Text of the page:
John J. Thompson

  • This lucid account of Russian and Soviet history presents major trends and events from ancient Kievan Rus' to Vladimir Putin's presidency in the twenty-first century. Russia does not shy away from controversial topics, including the impact of the Mongol conquest, the paradoxes of Peter the Great, the "inevitability" of the 1917 Revolution, the Stalinist terror, and the Gorbachev reform effort. Tackling those topics and others, the new edition is updated to discuss the Russia-Georgia war of 2008, the 2013-2014 Euromaidan protests in Ukraine, the war in eastern Ukraine, and the Russian annexation of Crimea. Distinguished by its brevity and amply supplemented with useful images and suggested readings, this essential text provides balanced coverage of all periods of Russian history and incorporates economic, social, and cultural developments as well as politics and foreign policy.

  • you are entirely happy with your poem / you are not happy then there is no charge and your deposit is returned / you are totally satisfied with the outcome / you are a man / you are a little confused / you are entirely happy with your poem / you are not happy then there is no charge and your deposit is returned / you are totally satisfied with the outcome . . .

    "Apostrophe" is:
    a) a figure of speech in which a person, an abstract quality or a nonexistent entity is addressed as though present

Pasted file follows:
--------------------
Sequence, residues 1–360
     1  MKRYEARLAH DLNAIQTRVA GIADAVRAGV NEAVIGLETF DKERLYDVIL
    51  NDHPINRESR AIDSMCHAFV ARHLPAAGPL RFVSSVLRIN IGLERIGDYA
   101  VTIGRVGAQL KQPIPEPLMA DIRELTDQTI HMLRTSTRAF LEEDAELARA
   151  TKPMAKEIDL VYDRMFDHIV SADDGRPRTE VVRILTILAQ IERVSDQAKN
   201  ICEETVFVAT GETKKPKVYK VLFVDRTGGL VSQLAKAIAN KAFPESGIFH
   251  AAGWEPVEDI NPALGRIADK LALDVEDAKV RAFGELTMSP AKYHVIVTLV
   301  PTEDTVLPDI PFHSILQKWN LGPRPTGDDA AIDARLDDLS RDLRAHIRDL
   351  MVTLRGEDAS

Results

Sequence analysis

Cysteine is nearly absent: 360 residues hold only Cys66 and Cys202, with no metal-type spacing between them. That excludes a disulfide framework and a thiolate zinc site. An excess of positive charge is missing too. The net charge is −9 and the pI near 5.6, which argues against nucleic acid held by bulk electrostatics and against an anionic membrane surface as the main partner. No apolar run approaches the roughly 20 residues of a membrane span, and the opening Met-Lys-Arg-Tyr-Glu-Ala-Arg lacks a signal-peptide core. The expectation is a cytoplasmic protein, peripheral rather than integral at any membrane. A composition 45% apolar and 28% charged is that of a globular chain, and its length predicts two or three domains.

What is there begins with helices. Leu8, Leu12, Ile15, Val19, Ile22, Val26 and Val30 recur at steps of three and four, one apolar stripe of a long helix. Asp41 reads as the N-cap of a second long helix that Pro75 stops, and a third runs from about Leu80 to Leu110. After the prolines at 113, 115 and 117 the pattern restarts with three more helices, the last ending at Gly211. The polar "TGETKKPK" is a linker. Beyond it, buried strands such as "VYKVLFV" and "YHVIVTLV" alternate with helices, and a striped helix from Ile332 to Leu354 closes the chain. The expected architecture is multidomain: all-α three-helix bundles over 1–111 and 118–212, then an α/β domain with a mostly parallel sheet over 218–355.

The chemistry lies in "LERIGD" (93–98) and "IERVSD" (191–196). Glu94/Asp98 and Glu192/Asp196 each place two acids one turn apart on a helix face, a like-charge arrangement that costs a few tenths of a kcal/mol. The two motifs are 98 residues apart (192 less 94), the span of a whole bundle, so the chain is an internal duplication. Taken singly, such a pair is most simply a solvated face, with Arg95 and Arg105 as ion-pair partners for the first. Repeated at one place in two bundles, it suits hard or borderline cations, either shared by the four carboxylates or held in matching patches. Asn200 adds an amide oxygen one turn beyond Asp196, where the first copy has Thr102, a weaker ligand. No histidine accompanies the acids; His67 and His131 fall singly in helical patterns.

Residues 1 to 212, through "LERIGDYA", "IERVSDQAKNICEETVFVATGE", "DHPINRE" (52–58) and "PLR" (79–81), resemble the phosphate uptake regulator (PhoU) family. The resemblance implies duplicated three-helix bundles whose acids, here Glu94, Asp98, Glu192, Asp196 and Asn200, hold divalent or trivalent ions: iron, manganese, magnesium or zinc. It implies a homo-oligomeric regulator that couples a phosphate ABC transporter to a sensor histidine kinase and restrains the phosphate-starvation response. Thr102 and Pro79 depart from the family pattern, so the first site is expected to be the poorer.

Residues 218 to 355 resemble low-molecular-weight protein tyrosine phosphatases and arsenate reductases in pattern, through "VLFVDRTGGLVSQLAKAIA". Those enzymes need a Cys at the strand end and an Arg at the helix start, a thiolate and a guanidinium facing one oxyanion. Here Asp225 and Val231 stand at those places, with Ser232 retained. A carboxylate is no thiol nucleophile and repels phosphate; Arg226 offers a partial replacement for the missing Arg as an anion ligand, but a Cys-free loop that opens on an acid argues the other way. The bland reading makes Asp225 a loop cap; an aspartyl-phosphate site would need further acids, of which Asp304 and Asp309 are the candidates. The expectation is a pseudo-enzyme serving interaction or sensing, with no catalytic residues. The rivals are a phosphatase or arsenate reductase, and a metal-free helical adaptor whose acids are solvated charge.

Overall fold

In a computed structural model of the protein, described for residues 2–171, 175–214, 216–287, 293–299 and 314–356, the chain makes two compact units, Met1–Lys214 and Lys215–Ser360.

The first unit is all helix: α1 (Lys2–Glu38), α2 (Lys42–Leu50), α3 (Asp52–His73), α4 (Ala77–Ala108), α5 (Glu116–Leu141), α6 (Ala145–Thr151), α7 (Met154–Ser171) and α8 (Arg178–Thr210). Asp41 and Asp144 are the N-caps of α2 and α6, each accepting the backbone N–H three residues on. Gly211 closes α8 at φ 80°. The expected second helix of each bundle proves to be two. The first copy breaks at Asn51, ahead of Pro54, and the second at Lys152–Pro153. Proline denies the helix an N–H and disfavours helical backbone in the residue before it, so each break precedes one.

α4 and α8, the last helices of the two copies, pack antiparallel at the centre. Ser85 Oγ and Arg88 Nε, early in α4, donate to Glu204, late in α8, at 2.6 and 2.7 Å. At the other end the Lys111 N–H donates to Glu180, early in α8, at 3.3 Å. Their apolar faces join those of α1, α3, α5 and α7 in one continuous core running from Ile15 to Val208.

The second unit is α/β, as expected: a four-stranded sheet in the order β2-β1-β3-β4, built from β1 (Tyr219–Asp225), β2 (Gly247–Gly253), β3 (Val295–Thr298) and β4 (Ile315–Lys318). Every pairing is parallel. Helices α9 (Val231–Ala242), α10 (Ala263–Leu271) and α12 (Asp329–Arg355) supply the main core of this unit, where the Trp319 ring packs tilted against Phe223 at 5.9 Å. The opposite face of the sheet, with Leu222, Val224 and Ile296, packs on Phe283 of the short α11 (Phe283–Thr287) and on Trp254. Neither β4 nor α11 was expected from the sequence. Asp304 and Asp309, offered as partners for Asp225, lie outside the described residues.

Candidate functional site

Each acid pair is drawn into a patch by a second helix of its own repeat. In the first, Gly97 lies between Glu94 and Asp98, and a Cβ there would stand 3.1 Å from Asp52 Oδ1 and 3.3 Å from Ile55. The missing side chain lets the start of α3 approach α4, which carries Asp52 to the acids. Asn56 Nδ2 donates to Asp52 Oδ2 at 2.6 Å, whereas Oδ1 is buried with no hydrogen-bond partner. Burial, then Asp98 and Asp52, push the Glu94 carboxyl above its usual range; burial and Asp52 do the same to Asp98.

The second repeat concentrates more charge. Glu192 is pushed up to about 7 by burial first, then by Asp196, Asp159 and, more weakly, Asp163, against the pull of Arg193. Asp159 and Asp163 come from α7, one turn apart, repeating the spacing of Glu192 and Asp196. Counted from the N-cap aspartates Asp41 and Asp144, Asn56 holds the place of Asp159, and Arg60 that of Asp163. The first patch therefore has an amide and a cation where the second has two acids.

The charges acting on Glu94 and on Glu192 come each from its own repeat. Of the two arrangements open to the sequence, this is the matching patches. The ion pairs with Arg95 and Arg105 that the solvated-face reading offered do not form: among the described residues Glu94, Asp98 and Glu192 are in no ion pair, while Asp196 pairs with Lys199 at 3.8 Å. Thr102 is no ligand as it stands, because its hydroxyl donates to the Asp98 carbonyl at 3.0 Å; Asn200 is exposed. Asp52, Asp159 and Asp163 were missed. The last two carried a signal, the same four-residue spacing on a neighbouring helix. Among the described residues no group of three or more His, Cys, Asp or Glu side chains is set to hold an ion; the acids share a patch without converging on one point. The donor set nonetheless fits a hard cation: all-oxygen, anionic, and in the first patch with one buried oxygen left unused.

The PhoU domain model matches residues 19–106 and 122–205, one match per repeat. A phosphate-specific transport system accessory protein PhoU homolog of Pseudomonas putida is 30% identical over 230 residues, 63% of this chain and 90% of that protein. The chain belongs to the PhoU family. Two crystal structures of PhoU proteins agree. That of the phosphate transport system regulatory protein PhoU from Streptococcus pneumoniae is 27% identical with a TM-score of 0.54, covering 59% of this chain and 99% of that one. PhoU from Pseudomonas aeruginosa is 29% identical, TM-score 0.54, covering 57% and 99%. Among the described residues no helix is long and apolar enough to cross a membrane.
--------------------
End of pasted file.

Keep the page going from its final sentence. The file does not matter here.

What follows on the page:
b) a poem written in 1993 in which every sentence is an apostrophe
    c) a program-apostropheengine.ca-based on the 1993 poem that hijacks search engines in order to extend the poem infinitely
    d) a book of poetry written using the website

    The answer:
    e) all of the above.

    Bill Kennedy and Darren Wershler-Henry's Apostrophe contains all of these things, except the search engine (but you can visit that any time you like). Each line from the original poem has become the title of a new poem generated by the program's metonymic romp through the World Wide Web. Phrases rub against each other promiscuously; poems and readers alike come to their own conclusions. The results are by turns poignant, banal, offensive and hilarious, but always surprising and always unaffected. In other words, everything a book of contemporary poetry should be, and then some.

    Poet and scholar Charles Bernstein has suggested that Apostrophe may be related to Freud's notion of the uncanny, a somnambulistic drift that appears aimless yet somehow always returns to "you." Apostrophe is an entirely new kind of poetry: neither stable nor unstable, sections come and go, but the overall shape of the poem remains vaguely familiar, like a trick of memory.

empty